A novel way to design rehabilitation strategies for neuro- visual disorders

Prof. Netta Levin, Dept. of Neurology, Hadassah University Hospital

There is a dramatic high incidence of visual and visual-related disorders in neurologically impaired patients (following traumatic brain injury, cerebral vascular accidents, multiple sclerosis, neurodegenerative diseases, etc.). In fact, visual-perceptual dysfunction is one of the most common devastating residual impairments of head injury. When the visual system is not working properly, there is a wide-ranging impact on our daily living activities. It is important to emphasize that although we are used to think of vision as something we can see, vision also includes how our brains interpret what we see. Unfortunately, despite the fact that almost one-third of patients suffer from visual deficits following brain damage, neuro-visual rehabilitation to compensate for visual field deficits is relatively neglected in the clinical setting. Moreover, programs that address coping with dementia usually concentrate on language, memory and cognitive skills, however often fail to address the deficits experienced by the subset of patients suffering from progressive cortico-visual dysfunction.

Prof. Netta Levin, a Senior Physician in the Department of Neurology, operates a unique Diagnostic and Rehabilitation Clinic dealing with visual disorders of cerebral source, focusing on the visual cortex area to ultimately allow neuro-visual rehabilitation. Prof. Levin and her research team (Drs. Raz, Bick and three Ph.D. candidates) are exploring how the brain compensates for visual damage by using novel imaging methods such as functional MRI (fMRI) and diffusion tensor imaging (DTI). fMRI enables a multisystem view of the brain and measures changes in the brain while different physical and mental tasks are performed. This technology enables the researchers to witness what happens in the visual cortex from the eyes all the way to the visual cortex and be able to map it and pinpoint where the damage is located. Using DTI, the research team track white matter fiber bundles and evaluate their structural integrity. By comparing cohorts of patients and control subjects, they are able to evaluate/diagnose the outcome of localized white matter damage in the entire visual pathway. fMRI and DTI, as well as other neuro-anatomical findings are then compared with patients’ clinical symptoms in order to understand the neuroanatomical basis of the clinical deficit. For instance, Prof. Levin and her research team have recently demonstrated that the impaired motion perception in patients is associated with the level of optic nerve demyelination, a condition that results in damage to the protective covering (myelin sheath) that surrounds nerve fibers in the brain and spinal cord. Demyelination was probably the cause for these temporal deficits in perception.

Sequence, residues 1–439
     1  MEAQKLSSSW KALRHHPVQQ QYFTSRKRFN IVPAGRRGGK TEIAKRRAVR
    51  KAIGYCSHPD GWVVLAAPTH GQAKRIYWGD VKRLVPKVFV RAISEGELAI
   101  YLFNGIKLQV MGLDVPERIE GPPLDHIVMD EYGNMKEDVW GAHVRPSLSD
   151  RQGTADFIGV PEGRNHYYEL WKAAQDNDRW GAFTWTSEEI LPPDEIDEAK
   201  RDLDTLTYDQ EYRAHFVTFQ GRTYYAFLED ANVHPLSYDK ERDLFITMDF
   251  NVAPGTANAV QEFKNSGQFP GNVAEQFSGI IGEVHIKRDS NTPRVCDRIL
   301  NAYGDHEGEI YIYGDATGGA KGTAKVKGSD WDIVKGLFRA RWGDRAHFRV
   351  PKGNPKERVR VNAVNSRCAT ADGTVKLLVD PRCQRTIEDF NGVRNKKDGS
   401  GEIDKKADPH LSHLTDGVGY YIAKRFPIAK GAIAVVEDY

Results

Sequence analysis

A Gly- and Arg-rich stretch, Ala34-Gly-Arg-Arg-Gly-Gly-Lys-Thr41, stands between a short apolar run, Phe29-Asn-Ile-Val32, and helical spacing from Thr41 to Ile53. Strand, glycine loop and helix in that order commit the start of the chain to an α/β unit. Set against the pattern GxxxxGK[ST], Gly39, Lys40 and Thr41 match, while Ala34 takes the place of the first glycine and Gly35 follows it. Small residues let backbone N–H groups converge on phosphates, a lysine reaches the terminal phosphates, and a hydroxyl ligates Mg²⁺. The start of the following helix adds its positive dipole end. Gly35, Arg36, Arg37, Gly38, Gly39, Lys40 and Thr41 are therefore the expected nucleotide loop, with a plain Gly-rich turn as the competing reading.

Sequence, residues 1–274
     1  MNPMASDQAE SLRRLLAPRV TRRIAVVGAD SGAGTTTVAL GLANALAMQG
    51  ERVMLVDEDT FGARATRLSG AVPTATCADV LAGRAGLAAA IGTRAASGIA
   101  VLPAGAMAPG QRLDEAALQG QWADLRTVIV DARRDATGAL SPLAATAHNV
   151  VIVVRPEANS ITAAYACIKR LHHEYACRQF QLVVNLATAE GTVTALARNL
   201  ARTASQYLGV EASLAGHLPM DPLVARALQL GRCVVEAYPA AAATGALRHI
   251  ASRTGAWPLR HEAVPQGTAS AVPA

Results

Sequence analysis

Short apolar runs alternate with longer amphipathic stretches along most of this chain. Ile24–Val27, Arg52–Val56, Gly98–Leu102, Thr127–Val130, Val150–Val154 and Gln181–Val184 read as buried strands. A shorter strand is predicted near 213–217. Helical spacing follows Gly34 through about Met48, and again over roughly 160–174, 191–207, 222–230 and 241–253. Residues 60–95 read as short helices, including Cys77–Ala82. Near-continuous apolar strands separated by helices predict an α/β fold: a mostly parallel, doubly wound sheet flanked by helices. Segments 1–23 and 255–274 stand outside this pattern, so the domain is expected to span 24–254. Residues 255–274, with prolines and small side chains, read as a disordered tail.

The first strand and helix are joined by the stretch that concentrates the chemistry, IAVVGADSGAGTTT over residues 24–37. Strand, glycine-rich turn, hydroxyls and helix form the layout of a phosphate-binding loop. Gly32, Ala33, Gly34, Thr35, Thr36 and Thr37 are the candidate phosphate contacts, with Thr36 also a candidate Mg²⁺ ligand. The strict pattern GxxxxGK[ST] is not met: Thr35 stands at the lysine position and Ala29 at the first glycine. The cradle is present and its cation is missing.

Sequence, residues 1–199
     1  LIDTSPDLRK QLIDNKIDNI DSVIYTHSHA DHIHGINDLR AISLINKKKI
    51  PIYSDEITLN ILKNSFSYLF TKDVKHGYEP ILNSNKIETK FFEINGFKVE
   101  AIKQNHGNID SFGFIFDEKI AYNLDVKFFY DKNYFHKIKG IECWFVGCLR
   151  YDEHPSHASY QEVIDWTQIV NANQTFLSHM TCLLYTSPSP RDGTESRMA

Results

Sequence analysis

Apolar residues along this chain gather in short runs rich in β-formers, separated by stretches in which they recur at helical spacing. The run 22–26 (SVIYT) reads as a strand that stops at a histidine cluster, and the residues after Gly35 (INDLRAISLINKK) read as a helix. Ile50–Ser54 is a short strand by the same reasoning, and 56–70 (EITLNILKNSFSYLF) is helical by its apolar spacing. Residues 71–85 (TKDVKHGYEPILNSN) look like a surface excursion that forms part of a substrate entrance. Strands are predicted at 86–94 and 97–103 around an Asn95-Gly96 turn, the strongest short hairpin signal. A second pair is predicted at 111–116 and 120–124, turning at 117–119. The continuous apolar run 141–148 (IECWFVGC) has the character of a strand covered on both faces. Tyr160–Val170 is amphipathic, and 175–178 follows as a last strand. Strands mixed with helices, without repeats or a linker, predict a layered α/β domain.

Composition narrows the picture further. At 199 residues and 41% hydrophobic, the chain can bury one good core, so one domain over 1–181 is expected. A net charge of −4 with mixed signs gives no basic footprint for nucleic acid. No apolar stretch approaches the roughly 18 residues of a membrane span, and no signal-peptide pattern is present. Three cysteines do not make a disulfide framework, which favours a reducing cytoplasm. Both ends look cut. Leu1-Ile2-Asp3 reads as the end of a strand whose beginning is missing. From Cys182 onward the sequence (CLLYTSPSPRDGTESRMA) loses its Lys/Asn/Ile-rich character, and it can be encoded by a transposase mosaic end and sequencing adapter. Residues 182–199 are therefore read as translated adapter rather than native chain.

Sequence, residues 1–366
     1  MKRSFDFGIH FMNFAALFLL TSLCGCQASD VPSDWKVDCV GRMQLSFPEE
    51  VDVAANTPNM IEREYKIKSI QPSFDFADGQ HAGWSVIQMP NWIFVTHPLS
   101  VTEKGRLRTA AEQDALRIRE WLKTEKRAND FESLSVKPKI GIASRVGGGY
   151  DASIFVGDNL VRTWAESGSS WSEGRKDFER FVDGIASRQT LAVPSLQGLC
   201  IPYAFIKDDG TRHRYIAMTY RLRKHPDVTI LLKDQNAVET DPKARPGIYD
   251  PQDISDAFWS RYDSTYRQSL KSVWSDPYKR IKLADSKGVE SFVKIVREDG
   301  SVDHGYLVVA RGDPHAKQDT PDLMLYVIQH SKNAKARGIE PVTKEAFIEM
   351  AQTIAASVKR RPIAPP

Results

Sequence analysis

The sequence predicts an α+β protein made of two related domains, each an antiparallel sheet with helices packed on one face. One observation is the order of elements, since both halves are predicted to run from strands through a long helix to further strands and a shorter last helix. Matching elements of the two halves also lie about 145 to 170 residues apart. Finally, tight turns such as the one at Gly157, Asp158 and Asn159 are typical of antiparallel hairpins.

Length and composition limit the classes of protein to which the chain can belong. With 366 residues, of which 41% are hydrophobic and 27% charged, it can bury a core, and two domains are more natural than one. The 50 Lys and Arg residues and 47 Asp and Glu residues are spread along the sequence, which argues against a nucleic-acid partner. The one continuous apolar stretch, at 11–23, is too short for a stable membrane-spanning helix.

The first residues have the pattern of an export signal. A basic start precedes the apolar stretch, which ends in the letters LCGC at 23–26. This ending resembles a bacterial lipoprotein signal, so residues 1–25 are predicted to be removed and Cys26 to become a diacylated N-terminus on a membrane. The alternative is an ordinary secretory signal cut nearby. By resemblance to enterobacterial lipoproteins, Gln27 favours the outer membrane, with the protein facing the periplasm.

The brain is extremely plastic (neuroplasticity) and constantly rewires itself as it learns new tasks and adjusts to new situations as has been observed in many different levels of the visual system. With the use of high advanced tools such as fMRI, electro-physiology test and behavioral analysis, Prof. Levin is able to observe and map the residual structures in the visual cortex and reactivate/strengthen them by having patients engage in specialized training. Prof. Levin’s objective is to bridge the gap between research and the clinical setting and to design rehabilitation strategies to encourage recovery of function after different insults to the visual system.

Prof. Netta Levin is a senior physician in the Department of Neurology and leads the clinical service and the research lab in the fMRI Unit at the Hadassah Ein Kerem University Hospital. Prof. Levin graduated from the Hebrew University Medical School and specialized in Neurology. In addition, Prof. Levin holds a Ph.D. degree from the Department of Neurobiology of the Hebrew University. Her doctorate work dealt with brain reorganization following peripheral damages to the visual system. After completing her doctorate, Prof. Levin did her post-doctoratal fellowship at the Department of Psychology, Stanford University, USA, where she specialized in novel functional imaging methods. Upon her return to Israel, she established the Functional Imaging Unit. In addition to her interest in the visual system, Prof. Levin has been working in the field of imaging and functional imaging in a variety of subjects. Her work regarding brain activity in unconscious patients received widespread media attention. Her studies in the field resulted in winning the Excellence in Research at Hadassah Award, the National Multiple Sclerosis Society Research Grant Award and invitations to lecture at international conferences in Israel and abroad.